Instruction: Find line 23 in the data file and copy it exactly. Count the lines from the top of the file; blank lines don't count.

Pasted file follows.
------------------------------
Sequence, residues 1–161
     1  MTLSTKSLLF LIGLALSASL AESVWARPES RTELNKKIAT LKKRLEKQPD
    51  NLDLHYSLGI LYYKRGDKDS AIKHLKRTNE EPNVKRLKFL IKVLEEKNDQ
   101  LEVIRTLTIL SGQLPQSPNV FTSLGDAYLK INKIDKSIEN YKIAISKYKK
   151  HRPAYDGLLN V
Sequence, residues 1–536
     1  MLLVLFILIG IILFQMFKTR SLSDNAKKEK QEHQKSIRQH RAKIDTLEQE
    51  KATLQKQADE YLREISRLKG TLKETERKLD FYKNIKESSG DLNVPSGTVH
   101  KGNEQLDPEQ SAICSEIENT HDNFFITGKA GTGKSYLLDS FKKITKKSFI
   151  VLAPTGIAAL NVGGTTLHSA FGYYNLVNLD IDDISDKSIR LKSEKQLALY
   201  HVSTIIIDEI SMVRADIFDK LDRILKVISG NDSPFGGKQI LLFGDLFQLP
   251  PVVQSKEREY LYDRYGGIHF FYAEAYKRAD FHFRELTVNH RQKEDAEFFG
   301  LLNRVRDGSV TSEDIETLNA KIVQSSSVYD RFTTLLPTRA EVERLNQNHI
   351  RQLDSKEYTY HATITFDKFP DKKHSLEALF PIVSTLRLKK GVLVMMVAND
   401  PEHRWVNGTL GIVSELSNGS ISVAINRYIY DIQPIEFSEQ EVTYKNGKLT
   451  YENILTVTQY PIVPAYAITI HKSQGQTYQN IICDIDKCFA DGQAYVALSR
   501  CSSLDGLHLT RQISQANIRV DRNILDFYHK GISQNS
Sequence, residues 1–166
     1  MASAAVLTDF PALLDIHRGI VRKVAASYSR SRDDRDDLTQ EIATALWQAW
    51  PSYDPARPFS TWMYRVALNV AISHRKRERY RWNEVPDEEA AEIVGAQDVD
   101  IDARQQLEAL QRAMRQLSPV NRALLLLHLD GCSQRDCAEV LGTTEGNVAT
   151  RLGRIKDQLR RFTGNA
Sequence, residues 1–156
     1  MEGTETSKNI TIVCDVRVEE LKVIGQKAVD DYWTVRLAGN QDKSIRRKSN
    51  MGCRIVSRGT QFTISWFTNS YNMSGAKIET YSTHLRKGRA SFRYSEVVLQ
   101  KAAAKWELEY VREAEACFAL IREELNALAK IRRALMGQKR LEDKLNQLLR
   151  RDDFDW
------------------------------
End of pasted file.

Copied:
Sequence, residues 1–156